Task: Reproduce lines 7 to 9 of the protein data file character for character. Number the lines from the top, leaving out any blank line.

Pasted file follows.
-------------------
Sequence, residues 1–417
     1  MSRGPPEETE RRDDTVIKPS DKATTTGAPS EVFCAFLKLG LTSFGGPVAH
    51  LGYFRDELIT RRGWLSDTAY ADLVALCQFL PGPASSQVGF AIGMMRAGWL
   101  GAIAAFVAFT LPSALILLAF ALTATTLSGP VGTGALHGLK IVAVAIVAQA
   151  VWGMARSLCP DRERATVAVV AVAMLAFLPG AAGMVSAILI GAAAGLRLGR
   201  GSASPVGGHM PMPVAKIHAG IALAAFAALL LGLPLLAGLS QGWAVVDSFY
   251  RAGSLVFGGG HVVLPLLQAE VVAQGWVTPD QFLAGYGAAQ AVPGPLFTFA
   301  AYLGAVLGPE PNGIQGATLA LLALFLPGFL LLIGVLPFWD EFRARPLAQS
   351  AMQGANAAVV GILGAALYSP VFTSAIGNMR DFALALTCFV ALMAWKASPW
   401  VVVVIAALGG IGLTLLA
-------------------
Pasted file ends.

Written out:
   251  RAGSLVFGGG HVVLPLLQAE VVAQGWVTPD QFLAGYGAAQ AVPGPLFTFA
   301  AYLGAVLGPE PNGIQGATLA LLALFLPGFL LLIGVLPFWD EFRARPLAQS
   351  AMQGANAAVV GILGAALYSP VFTSAIGNMR DFALALTCFV ALMAWKASPW